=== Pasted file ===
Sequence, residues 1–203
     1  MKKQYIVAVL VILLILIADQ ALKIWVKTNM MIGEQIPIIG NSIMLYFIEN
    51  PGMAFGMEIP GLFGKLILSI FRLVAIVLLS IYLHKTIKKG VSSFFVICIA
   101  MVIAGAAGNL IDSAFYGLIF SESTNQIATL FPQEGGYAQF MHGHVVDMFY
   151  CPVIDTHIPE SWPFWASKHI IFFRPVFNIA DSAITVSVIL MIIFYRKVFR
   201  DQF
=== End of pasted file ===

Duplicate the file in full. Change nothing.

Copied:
Sequence, residues 1–203
     1  MKKQYIVAVL VILLILIADQ ALKIWVKTNM MIGEQIPIIG NSIMLYFIEN
    51  PGMAFGMEIP GLFGKLILSI FRLVAIVLLS IYLHKTIKKG VSSFFVICIA
   101  MVIAGAAGNL IDSAFYGLIF SESTNQIATL FPQEGGYAQF MHGHVVDMFY
   151  CPVIDTHIPE SWPFWASKHI IFFRPVFNIA DSAITVSVIL MIIFYRKVFR
   201  DQF